Even with the use of dermoscopy, early diagnosis of melanoma arising in large congenital melanocytic nevi remains challenging since most of these melanomas arise from deep within the nevi, often within the deep dermis. However, early diagnosis of CM and SM can be facilitated via recognition of these lesions’ clinical and dermoscopic features.7 CM in children display the classic melanoma-specific structures described for superficial spreading and nodular melanomas. Hence, these melanomas are relatively easy to detect via dermoscopy. Dermoscopy of CM often reveals an asymmetric multicomponent pattern, with the lesion displaying melanoma-specific structures such as atypical or negative network, pseudopods/streaks, shiny white structures, blue-white veil, peppering, polymorphous vessels, blue-black color and irregular blotches.

 

dermoscopic presentations of pediatric melanoma
Figure 1. Schematics of the most frequent dermoscopic presentation of pediatric melanomas

1. Conventional melanoma: asymmetric pigmented lesion on the trunk, arising in a preexisting nevus showing multicomponent pattern (combination of network, globules and homogeneous areas) and/or the presence of any melanoma-specific features: atypical network, negative network, irregular globules/dots, blue-white veil, shiny white structures, atypical vessels or regression/peppering, in an otherwise symmetric nevus-like lesion (especially in early stages).

2. Spitzoid melanoma: de novo fast-growing lesion, mainly on limbs or head:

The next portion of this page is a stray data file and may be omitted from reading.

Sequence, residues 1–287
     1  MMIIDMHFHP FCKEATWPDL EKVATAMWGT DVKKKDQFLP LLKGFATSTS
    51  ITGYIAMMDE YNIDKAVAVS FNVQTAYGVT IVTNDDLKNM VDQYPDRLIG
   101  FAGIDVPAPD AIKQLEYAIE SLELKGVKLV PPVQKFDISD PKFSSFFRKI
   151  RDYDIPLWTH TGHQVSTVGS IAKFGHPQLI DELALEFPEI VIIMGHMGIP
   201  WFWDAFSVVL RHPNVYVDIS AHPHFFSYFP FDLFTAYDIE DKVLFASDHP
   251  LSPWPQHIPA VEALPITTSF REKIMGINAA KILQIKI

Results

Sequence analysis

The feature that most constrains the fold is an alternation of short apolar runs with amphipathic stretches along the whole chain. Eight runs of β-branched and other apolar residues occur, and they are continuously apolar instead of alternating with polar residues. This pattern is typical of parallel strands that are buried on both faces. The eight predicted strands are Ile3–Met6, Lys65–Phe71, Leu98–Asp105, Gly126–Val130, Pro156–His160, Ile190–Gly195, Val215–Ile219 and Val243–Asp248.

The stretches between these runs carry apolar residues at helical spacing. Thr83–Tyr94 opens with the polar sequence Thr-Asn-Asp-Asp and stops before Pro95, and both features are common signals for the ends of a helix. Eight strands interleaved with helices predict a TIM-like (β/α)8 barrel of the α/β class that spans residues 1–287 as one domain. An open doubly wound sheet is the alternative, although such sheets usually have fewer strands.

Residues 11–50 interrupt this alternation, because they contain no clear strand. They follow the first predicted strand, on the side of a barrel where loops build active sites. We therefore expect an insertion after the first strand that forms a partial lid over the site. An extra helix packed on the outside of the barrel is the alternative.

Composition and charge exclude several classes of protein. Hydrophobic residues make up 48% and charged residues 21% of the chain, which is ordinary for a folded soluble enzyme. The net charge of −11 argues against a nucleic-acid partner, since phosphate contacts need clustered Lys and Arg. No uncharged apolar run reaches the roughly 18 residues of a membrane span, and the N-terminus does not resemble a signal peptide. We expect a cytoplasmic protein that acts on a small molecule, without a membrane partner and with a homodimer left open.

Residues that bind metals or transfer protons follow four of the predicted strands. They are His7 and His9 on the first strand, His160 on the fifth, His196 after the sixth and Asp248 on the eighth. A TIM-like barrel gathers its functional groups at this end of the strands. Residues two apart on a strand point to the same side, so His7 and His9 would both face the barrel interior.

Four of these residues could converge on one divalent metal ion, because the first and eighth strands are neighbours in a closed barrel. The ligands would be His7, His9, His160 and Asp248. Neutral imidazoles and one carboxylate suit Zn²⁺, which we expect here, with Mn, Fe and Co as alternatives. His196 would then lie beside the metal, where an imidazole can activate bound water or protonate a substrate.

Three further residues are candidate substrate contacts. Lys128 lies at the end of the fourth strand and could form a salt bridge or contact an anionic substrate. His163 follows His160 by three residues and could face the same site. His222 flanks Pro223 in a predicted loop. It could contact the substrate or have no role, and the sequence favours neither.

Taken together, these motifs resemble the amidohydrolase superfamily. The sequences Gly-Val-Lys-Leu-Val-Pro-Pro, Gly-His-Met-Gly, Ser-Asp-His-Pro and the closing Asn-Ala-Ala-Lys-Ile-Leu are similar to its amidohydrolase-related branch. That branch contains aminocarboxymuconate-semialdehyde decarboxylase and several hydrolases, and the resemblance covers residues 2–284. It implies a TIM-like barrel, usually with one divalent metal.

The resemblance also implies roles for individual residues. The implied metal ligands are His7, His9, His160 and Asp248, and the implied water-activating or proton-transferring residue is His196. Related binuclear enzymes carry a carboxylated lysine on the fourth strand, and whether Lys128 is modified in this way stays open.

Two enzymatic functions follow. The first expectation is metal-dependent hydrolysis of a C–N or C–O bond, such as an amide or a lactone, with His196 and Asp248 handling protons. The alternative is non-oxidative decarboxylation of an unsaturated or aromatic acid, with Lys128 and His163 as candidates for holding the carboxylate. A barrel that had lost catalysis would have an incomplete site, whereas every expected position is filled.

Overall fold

A) Amelanotic pattern: nonpigmented, symmetric papule or bump, showing atypical vessels (mainly dotted or milky-red areas), frequently with ulceration and shiny white structures or negative network.

B) Pigmented pattern (reed-like pattern): heavily pigmented papule or patch with the atypical starburst pattern: asymmetric peripheral streaks/pseudopods, shiny white structures, atypical black globules.

 

SM are a bit more challenging to diagnose. They usually present as fast-growing symmetric pink papules, often initially misdiagnosed as warts, dermatofibromas or vascular lesions. However, dermoscopy has helped to correctly identify these tumors. SM characteristically present with one of two patterns: 1) a starburst pattern in a heavily pigmented lesion or 2) a nonpigmented pattern with atypical vascular structures in a symmetric pink papule. Both patterns can also reveal shiny white structures on polarized dermoscopy. Thus, any symmetric lesion manifesting streaks, blue or black color, shiny white structures or polymorphous vascular structures should be viewed with suspicion and biopsied.